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FILE ID:97030403.ECO

(NAM says sanctions cost jobs and are ineffective)  (780)
By Jon Schaffer
USIA Staff Writer

Washington -- U.S. unilateral economic sanctions have cost U.S.
businesses jobs, put at risk numerous U.S. investments and are rarely
effective, says the National Association of Manufacturers (NAM).

"Our economic sanctions are a massive patchwork of good intentions
with bad results," NAM President Jerry Jasinowski said in unveiling a
study commissioned by the U.S. business group. "Unilateral sanctions
are little more than postage stamps we use to send messages to other
countries at the cost of thousands of American jobs."

The report shows that "it is difficult to argue that any of the 61
measures authorized over the past four years have changed the behavior
of the 35 targeted governments," Jasinowski said.

The report, "A Catalog of New U.S. Unilateral Economic Sanctions for
Foreign Policy Purposes 1993-1996," was produced by Professor Barry
Carter of Georgetown University and released March 4.

The study comes amid considerable opposition by important U.S. allies
to the Helms-Burton law targeting foreign companies and individuals
for sanctions if they traffic in property confiscated from U.S.
citizens in Cuba. The European Union has filed a case in the World
Trade Organization challenging Helms-Burton.

The departments of State and Commerce declined to comment on the NAM

The study said that during the 1993-1996 period, 61 U.S. laws and
executive actions were enacted authorizing unilateral economic
sanctions for foreign policy purposes. Most of the actions did not
involve embargoes and some included directions to vote against loans
from international financial institutions.

Of the unilateral measures adopted over the four year period:

-- 22 were adopted to promote human rights and democratization and 13
countries were specifically targeted: Angola, Bosnia-Herzegovina,
Burma, Burundi, China, Croatia, Cuba, Gambia, Guatemala, Haiti,
Nicaragua, Nigeria and Yugoslavia. Sanctions were also imposed against
companies in Canada, Italy and Mexico due to prohibited activities in
Cuba under the Helms-Burton Act.

-- Anti-terrorism was the focus of 14 laws or executive actions, the
report said. These measures targeted eight countries, including Cuba,
Iran, Iraq, Libya, Nicaragua, North Korea, Sudan and Syria.

-- Nine measures were adopted to prevent nuclear proliferation, with
China, Cuba, Iran, North Korea and Pakistan specifically targeted.
Third-party countries who trade and invest with Iran and Libya were
also targeted.

-- Eight measures were adopted to promote political stability,
particularly in Afghanistan, Angola, Bosnia-Herzegovina, Rwanda, the
New Independent States of the former Soviet Union (including Russia),
Yugoslavia and Zaire.

-- Eight anti-narcotics measures were targeted against Afghanistan,
Burma, Colombia, Cuba, Haiti and Nigeria and two measures were
targeted against any third-party country engaged in prohibited
dealings with Cuba.

-- Six unilateral sanctions measures were adopted to promote worker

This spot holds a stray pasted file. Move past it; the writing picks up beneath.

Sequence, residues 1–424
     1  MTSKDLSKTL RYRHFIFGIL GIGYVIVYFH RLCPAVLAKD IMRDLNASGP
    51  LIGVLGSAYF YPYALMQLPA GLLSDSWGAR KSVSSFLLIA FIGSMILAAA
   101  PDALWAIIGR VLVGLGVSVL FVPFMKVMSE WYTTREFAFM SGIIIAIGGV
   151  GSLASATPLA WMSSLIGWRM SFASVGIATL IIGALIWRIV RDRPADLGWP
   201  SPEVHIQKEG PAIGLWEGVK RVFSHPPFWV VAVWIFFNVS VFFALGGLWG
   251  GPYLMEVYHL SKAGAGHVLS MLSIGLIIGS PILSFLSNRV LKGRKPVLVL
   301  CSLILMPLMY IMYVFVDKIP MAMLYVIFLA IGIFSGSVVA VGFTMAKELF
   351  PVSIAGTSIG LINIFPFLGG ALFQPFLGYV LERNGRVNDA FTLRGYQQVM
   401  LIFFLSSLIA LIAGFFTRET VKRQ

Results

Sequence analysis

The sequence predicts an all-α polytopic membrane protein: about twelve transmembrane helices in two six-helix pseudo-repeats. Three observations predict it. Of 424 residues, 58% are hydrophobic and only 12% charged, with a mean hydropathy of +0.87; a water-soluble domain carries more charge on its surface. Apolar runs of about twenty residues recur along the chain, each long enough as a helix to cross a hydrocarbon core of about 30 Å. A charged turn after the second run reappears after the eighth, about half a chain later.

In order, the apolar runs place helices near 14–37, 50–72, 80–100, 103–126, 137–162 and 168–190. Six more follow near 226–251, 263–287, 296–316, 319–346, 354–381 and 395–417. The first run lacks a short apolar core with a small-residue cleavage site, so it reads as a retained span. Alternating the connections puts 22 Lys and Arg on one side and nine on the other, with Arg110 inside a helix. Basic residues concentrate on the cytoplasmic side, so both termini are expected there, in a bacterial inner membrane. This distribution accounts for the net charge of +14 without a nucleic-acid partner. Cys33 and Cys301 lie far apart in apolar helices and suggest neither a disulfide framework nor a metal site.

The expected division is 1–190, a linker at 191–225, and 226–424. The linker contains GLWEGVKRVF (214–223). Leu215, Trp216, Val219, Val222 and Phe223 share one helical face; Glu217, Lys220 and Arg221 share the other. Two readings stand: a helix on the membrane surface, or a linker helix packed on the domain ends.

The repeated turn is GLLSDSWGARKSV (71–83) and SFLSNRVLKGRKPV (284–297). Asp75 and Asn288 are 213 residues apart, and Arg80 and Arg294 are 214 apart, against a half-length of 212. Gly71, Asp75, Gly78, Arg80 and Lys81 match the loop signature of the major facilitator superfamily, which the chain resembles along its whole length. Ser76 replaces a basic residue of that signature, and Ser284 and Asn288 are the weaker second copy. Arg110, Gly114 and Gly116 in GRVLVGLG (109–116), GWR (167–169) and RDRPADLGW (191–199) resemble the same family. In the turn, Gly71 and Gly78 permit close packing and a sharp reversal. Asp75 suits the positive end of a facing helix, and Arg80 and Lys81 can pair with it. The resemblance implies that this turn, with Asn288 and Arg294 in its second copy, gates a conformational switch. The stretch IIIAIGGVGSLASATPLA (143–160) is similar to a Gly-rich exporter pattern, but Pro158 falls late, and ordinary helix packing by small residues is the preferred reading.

rights or the prevention of prison labor, with China, the Maldives,
Mauritania, Pakistan, Qatar, Saudi Arabia and the United Arab Emirates
specifically targeted.

-- Three measures were adopted targeting Brazil, China and Taiwan over
environmental protection issues.

The report provides little aggregate data on the economic effects of
the sanctions, instead including a few case studies of jobs lost to
individual U.S. firms as a result of the sanctions. It said that
foreign manufacturers are eager to fill the void left when American
companies are denied the opportunity to export. Only in a handful of
the 35 countries covered in the report could an arguable claim be made
that the sanctions changed the behavior of the targeted government,
the report said. "They have yet to topple a targeted government. They
provide an external scapegoat for well-entrenched regimes to
compensate for domestic failings. Once launched, they are extremely
difficult to terminate."

The report also stressed that U.S. businesses are increasingly viewed
as unreliable. "Foreign companies and governments are understandably
reluctant to enter into any longer-term commercial relationship with
U.S. companies if the threat of sanctions looms."

The report makes the following specific recommendations:

-- Before considering economic sanctions, the United states should
pursue diplomatic, political and military isolation alternatives that
more effectively target a country's unique vulnerabilities. Except in
the most unusual and extreme circumstances, all sanctions should be

-- If unilateral sanctions are considered, they should meet specific
criteria relating to effectiveness, availability from foreign
suppliers and enforceability. Provision should also be made for such
measures to lapse absent reauthorization by Congress, or be waived if
the president determines that it is in the national interest.

-- The U.S. government should produce an annual report on all
unilateral sanctions, analyzing both the impact on the targeted
government and on U.S. companies.